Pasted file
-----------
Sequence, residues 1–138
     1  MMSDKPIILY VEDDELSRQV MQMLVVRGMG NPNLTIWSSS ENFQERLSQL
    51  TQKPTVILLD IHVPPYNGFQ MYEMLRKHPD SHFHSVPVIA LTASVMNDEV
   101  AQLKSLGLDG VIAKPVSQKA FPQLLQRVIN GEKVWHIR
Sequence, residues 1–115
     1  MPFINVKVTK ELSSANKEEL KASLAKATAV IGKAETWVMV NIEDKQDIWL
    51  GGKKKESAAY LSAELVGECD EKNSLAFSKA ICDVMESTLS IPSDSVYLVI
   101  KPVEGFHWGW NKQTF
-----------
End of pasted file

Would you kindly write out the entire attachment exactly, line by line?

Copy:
Sequence, residues 1–138
     1  MMSDKPIILY VEDDELSRQV MQMLVVRGMG NPNLTIWSSS ENFQERLSQL
    51  TQKPTVILLD IHVPPYNGFQ MYEMLRKHPD SHFHSVPVIA LTASVMNDEV
   101  AQLKSLGLDG VIAKPVSQKA FPQLLQRVIN GEKVWHIR
Sequence, residues 1–115
     1  MPFINVKVTK ELSSANKEEL KASLAKATAV IGKAETWVMV NIEDKQDIWL
    51  GGKKKESAAY LSAELVGECD EKNSLAFSKA ICDVMESTLS IPSDSVYLVI
   101  KPVEGFHWGW NKQTF